The issues of safety on campus can be broken down into numerous categories. On the one hand, we have students’ physical and emotional well-being, which includes things such as basic nutrition and mental health. On the other, safety can be defined in terms of students feeling protected from adversity or negativity — the sort of security blanket that can’t be promised to them after university.
Co-Host of The Interview Charles Sin sat down with Tim Miller, Vice President (VP) for Student Affairs at James Madison University (JMU) to talk about the importance of not only looking after students’ well-being but also challenging them to step outside of their comfort zones to grow as people.
As an undergrad, I worked in a number of different fields at my college — as a resident advisor; catering; summer conferencing… Organization-wise, I was president of my fraternity and was in the Criminal Justice Association. I also coached the women’s soccer club team. What I didn’t realize at the time was that all of these things were really SA work! A few years later, I was a faculty advisor on a school break trip. That’s when I finally decided, “Yup, this is what I want to do!” So I got my Masters in Higher Education (HE) here at JMU. I kind of fell into SA accidentally, but I believe I was called to this work.
This is another area I fell into. One of my grad students in my last position, at George Washington University (GWU) — Max was his name — brought this issue to my attention. I started meeting with students who spoke to me about choosing between buying their books and getting food. I’ll never forget one who told me their approach to not having enough to eat was going to sleep. “Because when I’m asleep, I’m not hungry.”
Thanks to these students using their voices, I became a huge advocate for food insecurity. I was part of creating a group in Washington DC that helped all the schools in the area set up food pantries for students. I became a voice for it because I felt that, as a higher-level administrator, I could help boost and raise awareness for the work that various coordinators, assistant directors, and more had been trying to accomplish for a long time. We set up a food pantry at GWU called The Store and ended up being featured on National Public Radio (NPR) and The Washington Post. We elevated this conversation that other people were already having. We were just standing on their shoulders.
Food insecurity is a reality holding tens of thousands of students back every single day. If you can’t focus in school because you’re hungry, it’s really hard to be successful. We looked at Maslow’s Hierarchy of Needs and expanded The Store to be about all those things: clothing, toiletries, and sanitary products for women. I’m really proud of the work they’ve done since I left. Now they have an endowment, which makes a huge difference for students. And we helped about fifteen other institutions create their own pantries, as well.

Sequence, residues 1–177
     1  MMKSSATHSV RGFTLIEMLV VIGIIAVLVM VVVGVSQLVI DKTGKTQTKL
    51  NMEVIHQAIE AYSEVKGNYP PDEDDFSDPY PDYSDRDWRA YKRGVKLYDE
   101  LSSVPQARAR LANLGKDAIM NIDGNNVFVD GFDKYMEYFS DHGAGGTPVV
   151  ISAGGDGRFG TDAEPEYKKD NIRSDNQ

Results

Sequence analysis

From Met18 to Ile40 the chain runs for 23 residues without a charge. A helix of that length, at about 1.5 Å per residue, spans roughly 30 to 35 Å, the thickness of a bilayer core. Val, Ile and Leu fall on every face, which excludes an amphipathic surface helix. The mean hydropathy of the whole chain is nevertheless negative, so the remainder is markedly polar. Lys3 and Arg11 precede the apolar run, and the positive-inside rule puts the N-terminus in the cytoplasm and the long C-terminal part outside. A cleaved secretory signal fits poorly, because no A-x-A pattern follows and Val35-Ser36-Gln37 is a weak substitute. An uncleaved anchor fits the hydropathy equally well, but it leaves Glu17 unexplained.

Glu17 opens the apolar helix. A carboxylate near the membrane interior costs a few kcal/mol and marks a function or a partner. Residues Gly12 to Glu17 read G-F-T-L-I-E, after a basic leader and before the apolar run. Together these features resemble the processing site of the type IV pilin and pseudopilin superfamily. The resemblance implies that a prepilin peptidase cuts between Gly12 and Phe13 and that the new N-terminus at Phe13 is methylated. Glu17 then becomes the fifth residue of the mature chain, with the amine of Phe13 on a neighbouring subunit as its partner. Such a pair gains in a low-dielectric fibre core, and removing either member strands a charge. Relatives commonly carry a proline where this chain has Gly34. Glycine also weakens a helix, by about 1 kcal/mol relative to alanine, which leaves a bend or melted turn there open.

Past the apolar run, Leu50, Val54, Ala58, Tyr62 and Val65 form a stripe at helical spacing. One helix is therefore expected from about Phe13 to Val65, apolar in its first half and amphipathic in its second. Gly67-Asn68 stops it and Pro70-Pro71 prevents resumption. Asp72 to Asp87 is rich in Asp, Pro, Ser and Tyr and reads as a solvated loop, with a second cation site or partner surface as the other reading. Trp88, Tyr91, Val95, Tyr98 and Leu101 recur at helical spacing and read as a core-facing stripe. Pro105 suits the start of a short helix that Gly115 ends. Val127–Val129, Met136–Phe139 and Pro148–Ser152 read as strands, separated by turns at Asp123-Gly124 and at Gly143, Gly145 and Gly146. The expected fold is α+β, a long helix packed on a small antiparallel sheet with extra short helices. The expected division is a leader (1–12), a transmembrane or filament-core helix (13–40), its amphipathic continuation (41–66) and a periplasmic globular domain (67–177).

When I interviewed here, one of the first things I said was, “I want to be the JMU VP for all students, not just those with the same background as me.” One of the things we’ve done since I arrived is add an associate VP for Diversity, Equity, and Inclusion (DEI). That’s because the areas of services for disabled, multicultural, and LGBTQ+ students — which we call Sexual Orientation, Gender Identity, and Expression (SOGIE) — were all under different departments. So I really felt we need to pull them together so they could not only be a home for people of those identities but also work to educate the entire community.
Most people come from a homogenous place but find themselves in a heterogenous place in college. This is a great opportunity for us to help our students get comfortable with and embrace difference so they’re prepared for the outside world after college.
Most people come from a homogenous place but find themselves in a heterogenous place in college. This is a great opportunity for us to help our students get comfortable with and embrace difference so they’re prepared for the outside world after college. We’ve run numerous training sessions with our students on topics such as diversity and mental health, and it isn’t always easy for them. I believe we have to put them through hard, challenging moments to prepare them to become the leaders we want them to be after they graduate.
I don’t know that it’s our job to create safe spaces. We have to create spaces where our students can feel comfortable standing in front of someone they disagree with and have a hard but comfortable debate with them. But I don’t think they should necessarily feel safe per se because they should get challenged. What’s important is that they know they’re in a place where they can disagree respectfully and civilly.
I believe strongly that you grow the most from being around people who think differently than you. And I also don’t know how many of our students have ever really thought about why they think what they think until they have to explain it, defend it, or answer to someone who thinks differently. So I like putting them in spots where they have to unpack why they believe what they believe.
Ever since the pandemic, engagement has gotten harder across the board. And it was already on a downhill trend because so many of our students never learned how to make friends. So many of them went to kindergarten, elementary, middle, and then high school with the same people.
So we have to help students by providing opportunities to find their people and make them realize it’s not an easy or fast process.
Create environments where students from different backgrounds, experiences, and identities can be around each other, and then slowly add more and more difference into the space. You have to start exposing students who have never experienced diversity to environments that feel comfortable enough for them to begin to ask questions, learn, and grow.